By Beth Donze
Catholic News Service
Editor’s Note: The Poor Clare Sisters have served in the Diocese of Evansville for generations. Currently, five sisters reside at the Monastery of St. Clare on Evansville’s west side.
NEW ORLEANS (CNS) – As the COVID-19 pandemic throws a metaphorical grenade into the everyday habits of people around the world, the consistent and faith-bolstering rhythm of daily Mass, frequent prayer, quiet recreation and humble ministry is serving New Orleans' community of Poor Clare Sisters very well.
The five sisters who reside at the contemplative religious community's monastery in the city report that their days, while certainly impacted by the coronavirus, have been fundamentally unchanged since the sheltering-in-place order.
"Everybody is supposed to be apart but together during this pandemic, but that's what we do all the time; we are apart (from the world) but together," said Sister Charlene Toups, abbess of the local community of Poor Clares, which includes a sixth sister who lives at Our Lady of Wisdom Healthcare Center.
"Finding rhythms is a very important thing, as is creating space for one another in a tight situation, even if it's psychological space," Sister Charlene said.
Giving the Poor Clares their built-in rhythm is the Liturgy of the Hours, which provides readings and prayers at various times of the day and into the evening. The sisters' communal day begins at 7 a.m. when they gather for morning prayer, followed by private daily Mass in their chapel — or whenever a priest can make it to their home during these weeks of social distancing. The sisters stay at least 6 feet apart in the pews, and on days a priest cannot celebrate Mass with them, they watch the Mass remotely.
Peppered between prayer times are the tasks and joys of everyday living: the sharing of meals, recreation, exercise and individual reading and reflection time — all mostly carried out within the confines of their monastery's grounds.
"We're blessed because we have a big house," said Sister Charlene, noting that she and her fellow sisters do leave their home to perform essential tasks such as shopping and to access faith-based activities such as lectures and other activities related to their vocations as women religious.
A small exercise room provides space for fitness activities, and they take advantage of the expansive grounds for walking and gardening. Whenever they can, the sisters bypass the elevator to take the stairs in their three-story home.
"One of the things about the monastery is that it's normally a quiet place," noted Sister Julie Glaeser.
"But we do keep in touch with what's happening with the world — we read the newspaper; we watch evening news together so we know who to pray for.
"But don't have the news on 24/7 because that can be very depressing," Sister Julie cautioned.
Although the coronavirus guidelines have forced the sisters to temporarily suspend their monastery-based feeding ministry, it has not impacted the sisters' telephone ministry, in which people call the sisters to express their concerns and prayer requests, or just to talk. The sisters also call people in need, to check in on them from time to time.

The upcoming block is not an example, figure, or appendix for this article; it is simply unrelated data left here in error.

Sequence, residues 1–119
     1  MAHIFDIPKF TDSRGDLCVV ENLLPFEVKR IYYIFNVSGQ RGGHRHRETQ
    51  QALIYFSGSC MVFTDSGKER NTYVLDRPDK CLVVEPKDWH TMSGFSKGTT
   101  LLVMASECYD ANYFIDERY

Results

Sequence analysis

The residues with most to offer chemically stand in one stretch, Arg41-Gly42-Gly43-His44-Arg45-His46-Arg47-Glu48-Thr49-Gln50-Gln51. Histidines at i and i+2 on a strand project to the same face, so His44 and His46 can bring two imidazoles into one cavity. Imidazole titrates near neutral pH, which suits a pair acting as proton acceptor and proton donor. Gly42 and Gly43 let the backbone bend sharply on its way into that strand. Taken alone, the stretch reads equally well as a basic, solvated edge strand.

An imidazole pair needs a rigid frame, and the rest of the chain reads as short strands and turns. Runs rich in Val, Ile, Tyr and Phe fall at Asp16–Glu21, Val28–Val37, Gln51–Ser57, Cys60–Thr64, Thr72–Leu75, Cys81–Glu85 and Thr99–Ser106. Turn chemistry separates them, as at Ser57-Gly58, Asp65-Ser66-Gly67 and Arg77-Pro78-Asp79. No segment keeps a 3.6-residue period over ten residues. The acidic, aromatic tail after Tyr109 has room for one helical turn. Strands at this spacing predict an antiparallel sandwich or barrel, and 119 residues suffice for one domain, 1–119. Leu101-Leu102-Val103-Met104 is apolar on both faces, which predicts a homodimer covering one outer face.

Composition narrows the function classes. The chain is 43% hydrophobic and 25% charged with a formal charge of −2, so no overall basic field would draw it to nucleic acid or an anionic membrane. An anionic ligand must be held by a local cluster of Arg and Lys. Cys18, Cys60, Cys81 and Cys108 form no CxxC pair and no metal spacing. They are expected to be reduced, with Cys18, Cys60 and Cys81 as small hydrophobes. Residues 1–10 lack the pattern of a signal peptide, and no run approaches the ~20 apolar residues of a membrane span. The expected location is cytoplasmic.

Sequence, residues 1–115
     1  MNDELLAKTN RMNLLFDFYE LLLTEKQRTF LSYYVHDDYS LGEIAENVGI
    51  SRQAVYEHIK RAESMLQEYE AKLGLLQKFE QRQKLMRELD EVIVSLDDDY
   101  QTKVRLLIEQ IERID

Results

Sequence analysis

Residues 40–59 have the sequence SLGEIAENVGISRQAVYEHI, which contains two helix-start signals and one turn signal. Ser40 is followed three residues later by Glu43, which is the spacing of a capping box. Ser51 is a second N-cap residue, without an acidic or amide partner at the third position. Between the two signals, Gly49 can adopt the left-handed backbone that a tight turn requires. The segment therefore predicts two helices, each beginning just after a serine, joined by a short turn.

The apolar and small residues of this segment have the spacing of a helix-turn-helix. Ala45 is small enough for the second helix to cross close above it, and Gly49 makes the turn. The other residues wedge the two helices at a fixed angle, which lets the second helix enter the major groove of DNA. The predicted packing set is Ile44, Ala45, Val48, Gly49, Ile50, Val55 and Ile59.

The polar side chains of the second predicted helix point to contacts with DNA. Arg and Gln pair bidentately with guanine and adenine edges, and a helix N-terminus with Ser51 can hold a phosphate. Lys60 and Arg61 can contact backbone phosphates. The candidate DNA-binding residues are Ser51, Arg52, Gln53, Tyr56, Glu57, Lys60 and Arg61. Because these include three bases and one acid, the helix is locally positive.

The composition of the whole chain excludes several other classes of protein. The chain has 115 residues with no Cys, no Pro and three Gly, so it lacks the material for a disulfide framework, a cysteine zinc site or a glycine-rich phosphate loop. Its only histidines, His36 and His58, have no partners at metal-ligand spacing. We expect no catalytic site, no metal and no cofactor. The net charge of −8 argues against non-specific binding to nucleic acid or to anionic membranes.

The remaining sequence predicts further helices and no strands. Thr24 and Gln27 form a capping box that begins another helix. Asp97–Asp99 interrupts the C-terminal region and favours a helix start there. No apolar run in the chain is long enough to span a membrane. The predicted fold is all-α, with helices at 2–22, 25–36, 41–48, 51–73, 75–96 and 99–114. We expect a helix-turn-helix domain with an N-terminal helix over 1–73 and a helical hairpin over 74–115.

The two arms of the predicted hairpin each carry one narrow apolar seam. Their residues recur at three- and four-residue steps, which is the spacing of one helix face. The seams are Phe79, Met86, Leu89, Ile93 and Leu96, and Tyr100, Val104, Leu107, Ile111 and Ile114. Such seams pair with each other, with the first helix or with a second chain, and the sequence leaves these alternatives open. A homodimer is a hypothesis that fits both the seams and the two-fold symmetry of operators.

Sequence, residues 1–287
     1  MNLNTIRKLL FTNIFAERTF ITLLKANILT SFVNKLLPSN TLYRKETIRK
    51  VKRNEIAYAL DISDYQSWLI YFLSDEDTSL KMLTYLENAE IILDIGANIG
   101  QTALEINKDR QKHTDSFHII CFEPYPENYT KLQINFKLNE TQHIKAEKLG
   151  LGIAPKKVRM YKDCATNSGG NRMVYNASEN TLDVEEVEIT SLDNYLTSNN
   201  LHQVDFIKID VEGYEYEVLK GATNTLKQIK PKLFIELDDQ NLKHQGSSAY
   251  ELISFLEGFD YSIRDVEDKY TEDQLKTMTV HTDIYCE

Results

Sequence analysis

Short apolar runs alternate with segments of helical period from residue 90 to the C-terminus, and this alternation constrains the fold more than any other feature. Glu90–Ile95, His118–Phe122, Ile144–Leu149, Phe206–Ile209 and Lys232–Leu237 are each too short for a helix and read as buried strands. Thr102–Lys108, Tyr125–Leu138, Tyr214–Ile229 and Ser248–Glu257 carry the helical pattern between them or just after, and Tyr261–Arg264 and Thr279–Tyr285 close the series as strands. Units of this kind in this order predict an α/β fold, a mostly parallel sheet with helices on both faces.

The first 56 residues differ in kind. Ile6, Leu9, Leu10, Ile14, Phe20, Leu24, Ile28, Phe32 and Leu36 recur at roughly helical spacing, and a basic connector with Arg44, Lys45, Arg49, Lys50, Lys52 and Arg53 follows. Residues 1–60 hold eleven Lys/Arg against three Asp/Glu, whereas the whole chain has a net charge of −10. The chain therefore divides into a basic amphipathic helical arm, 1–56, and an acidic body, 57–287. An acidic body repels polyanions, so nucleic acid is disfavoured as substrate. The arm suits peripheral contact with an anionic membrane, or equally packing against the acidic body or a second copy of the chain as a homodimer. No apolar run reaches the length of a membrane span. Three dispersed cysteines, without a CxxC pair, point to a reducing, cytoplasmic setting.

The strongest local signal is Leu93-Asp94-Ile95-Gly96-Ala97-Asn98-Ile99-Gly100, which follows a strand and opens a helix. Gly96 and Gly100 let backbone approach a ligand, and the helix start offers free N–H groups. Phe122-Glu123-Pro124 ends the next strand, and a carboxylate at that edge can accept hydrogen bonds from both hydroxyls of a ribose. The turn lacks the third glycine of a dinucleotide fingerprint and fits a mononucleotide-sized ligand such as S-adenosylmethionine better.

"We preserve a spirit of prayer and devotion, but that doesn't mean you don't talk," Sister Charlene said, sharing guidelines she learned as a young sister on how to make that talk pleasing to God. Before speaking, ask yourself three questions: Is it necessary? Is it helpful? Is it upbuilding?
"If you stop and think about that, you'll keep your mouth shut a lot of the time," Sister Charlene said, chuckling.
Poor Clare Sister Rita Hickey said her community is often misunderstood as distant.
"We never hung our hat on the 'cloistered' idea. People get fascinated about that," Sister Rita told the Clarion Herald, newspaper of the Archdiocese of New Orleans. "We always consider ourselves contemplative, which means dedicated to prayer and dedicated to living in the presence of God. And everyone is with you when you're in the presence of God."
Sister Charlene said her home's small statue of Mary sweeping with a broom is a powerful reminder of the Blessed Mother's down-to-earth tenacity. But the image of Mary she is seeing in her mind, more and more during these days of the pandemic, is the one of Mary standing at the foot of Jesus' cross.
"She is there for her son. She is there for the world, really; she is taking our place at the foot of the cross," Sister Charlene said.
"There is absolutely nothing she can do except be there, and in many ways, that's what we are all doing — we are all at the foot of the cross, helpless," she said. "But Mary didn't have a pity party. She stood!"
Donze is a staff writer at the Clarion Herald, newspaper of the Archdiocese of New Orleans. She also is editor of Kids' Clarion.